How The Washington Post Is Using Data Journalism to Drive Subscriptions

How to Read This Chart capitalizes on the appeal of graphics like maps, charts and diagrams

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The Washington Post debuted its latest newsletter on Saturday, a free weekly product called How to Read This Chart, in its latest effort to coax readers into routine consumption and boost its subscription figures.

In the newsletter, journalist Philip Bump will explore a piece of data visualization––often, but not always, from The Post itself––and walk readers through its successes, flaws and information. How to Read This Chart hopes to capitalize on the appeal of graphics like maps, charts and diagrams, which have high rates of reader metrics both in terms of volume, such as unique visitors, as well as in terms of subscription conversion, said Kat Downs Mulder, chief product officer and managing editor of The Post. She declined to share specific data.

Several of The Post’s most-viewed articles of all time, such as the coronavirus simulator created by journalist Harry Stevens last spring, have been data visualizations. Graphics-centric stories are also particularly effective at turning readers into subscribers: They are often on The Post’s list of top-converting stories, Mulder said.

“​​Data visualization is something that audiences love: We see that in the volume of people coming, in their engagement and in their conversion rates,” Mulder said. “This newsletter takes data visualization and adds voice and personality—and we think that will resonate with readers.”

The newsletter comes as part of a larger effort from The Post to build out its data visualization offerings: last June, the publisher added 14 new roles to its design team, including a data editor and four graphics reporters. Given the engaging nature of visual journalism and the habit-building power of newsletters, The Post hopes How to Read This Chart will act as a vehicle for acquiring and retaining digital subscriptions.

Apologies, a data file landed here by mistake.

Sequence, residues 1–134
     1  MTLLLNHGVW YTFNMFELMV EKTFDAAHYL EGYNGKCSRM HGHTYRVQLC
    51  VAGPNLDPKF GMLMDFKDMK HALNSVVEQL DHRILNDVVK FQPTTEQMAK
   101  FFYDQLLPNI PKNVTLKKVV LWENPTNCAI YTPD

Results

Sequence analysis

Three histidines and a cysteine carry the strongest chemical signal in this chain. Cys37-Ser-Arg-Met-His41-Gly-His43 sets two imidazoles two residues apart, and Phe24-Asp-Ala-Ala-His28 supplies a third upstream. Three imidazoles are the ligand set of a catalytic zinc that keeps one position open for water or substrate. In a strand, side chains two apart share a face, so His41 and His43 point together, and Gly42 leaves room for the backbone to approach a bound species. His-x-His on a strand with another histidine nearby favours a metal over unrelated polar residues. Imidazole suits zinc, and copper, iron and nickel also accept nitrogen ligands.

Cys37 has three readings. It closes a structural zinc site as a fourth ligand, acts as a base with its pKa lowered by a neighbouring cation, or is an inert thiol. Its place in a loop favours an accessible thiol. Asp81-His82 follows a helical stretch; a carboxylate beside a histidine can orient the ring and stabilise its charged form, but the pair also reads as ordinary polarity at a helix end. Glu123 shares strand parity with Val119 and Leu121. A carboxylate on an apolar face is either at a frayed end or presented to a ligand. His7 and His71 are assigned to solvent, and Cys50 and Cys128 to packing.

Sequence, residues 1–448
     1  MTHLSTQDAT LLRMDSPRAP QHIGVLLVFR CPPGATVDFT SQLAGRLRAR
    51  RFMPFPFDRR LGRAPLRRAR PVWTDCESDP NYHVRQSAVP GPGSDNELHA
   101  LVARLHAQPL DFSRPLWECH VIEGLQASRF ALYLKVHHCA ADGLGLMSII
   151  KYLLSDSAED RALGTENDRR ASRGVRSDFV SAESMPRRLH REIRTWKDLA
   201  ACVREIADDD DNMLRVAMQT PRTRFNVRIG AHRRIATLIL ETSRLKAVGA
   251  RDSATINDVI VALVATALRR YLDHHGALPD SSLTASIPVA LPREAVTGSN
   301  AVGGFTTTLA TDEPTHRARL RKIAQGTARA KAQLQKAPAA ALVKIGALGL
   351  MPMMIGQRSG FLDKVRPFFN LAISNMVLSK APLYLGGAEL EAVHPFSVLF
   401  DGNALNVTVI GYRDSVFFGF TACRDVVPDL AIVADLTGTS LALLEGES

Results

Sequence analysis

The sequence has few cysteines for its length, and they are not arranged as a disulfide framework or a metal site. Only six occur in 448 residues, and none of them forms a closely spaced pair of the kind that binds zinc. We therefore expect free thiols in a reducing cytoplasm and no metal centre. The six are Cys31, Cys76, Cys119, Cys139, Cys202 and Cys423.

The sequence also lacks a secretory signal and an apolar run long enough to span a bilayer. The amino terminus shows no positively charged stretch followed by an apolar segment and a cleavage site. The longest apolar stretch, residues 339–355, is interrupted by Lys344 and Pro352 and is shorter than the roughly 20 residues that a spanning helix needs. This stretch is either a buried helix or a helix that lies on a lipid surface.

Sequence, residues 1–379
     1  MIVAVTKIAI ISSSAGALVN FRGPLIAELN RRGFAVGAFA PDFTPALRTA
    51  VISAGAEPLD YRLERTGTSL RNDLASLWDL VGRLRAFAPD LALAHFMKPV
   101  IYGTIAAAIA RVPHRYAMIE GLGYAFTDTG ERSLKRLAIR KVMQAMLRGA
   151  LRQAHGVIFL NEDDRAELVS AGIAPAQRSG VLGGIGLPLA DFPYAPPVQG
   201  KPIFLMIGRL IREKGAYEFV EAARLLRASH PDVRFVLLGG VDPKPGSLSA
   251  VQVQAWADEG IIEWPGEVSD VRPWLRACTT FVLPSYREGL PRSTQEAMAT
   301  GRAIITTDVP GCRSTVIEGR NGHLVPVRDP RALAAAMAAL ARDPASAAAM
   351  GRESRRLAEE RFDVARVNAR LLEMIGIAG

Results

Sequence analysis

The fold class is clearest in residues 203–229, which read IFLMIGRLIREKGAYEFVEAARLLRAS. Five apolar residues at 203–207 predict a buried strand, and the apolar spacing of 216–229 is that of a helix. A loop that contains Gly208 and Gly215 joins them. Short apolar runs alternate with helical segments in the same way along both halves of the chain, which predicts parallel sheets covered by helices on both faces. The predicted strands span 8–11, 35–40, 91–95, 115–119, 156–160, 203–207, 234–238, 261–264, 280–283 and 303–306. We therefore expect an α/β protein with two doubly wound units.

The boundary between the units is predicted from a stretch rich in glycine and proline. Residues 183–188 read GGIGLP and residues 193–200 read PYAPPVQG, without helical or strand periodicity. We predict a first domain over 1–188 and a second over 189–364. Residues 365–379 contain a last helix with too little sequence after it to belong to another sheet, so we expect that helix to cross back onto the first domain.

High-investment, high-return resources

Creating visual resources for readers requires significant investment in terms of time, data and expertise, said Arvid Tchivzhel, managing director of digital consulting at Mather Economics. 

This means that sophisticated graphics are more feasible for outlets with bigger budgets and more technical teams, making them exclusive. Research shows that when it comes to generating digital subscriptions, offering content unavailable elsewhere is key, underscoring the value of data journalism.

Data visualization is something that audiences love.

Kate Mulder, chief product officer and managing editor at The Post

Data-based visuals are also relatively shelf-stable, meaning that with minimal upkeep, they can continue to be relevant for months, even years. This means that visual journalism—for the newsrooms that can afford to produce it—can pay dividends over time, passively turning readers into subscribers long after its initial creation, Tchivzhel told Adweek.

“You write it once, build the data design once and the data source once, and then you reap the benefits in terms of engagement and subscribers over and over again,” Tchivzhel said. “It could definitely have a far greater return on investment than a lone article.”

Part of The Post’s newsletter strategy

How to Read This Chart will be free to readers in their inbox, but they will have to register an account with The Post to gain access to it. In this way, the newsletter serves a dual top-of-funnel function for the publisher: it generates new registrations, and it exposes new readers to highly engaging content.

Like all newsletters, it also cultivates habit in readers, whether subscribers or not, and reading routines help strengthen the relationship between publisher and reader. In this way, How to Read This Chart also serves subscribers, giving them yet another reason to continue consuming Post reporting.

The newsletter also emphasizes the voice and personality of its author. Prior to The Post, Bump was a designer at Adobe, making him a unique authority on the subject of visuals. He also writes with a humorous bent, a conversational style that can cultivate a more intimate relationship between reader and product

In recent months, The New York Times and The Atlantic have also unveiled newsletter suites built around the personalities of their authors, a response in part to the popularity of platforms like Substack. 

The challenges of email 

For all the merits of the newsletter form, email is still limited in its functionality, Tchivzhel said. Inboxes are inhospitable to complex visuals, posing an inherent challenge to a product like How to Read This Chart.

In the first iteration of the newsletter, which explored a tornado chart (named after its visual form), the graphic under inspection remains at the top of the email, meaning readers move farther from the visual the more they read. This kind of friction is hardly a dealbreaker, but it hints at the limits of the form.

Still, the product is in its infancy, and Bump will be given ample time to experiment, Mulder said. And if any newsletter understood the value of iterative design, it would be this one.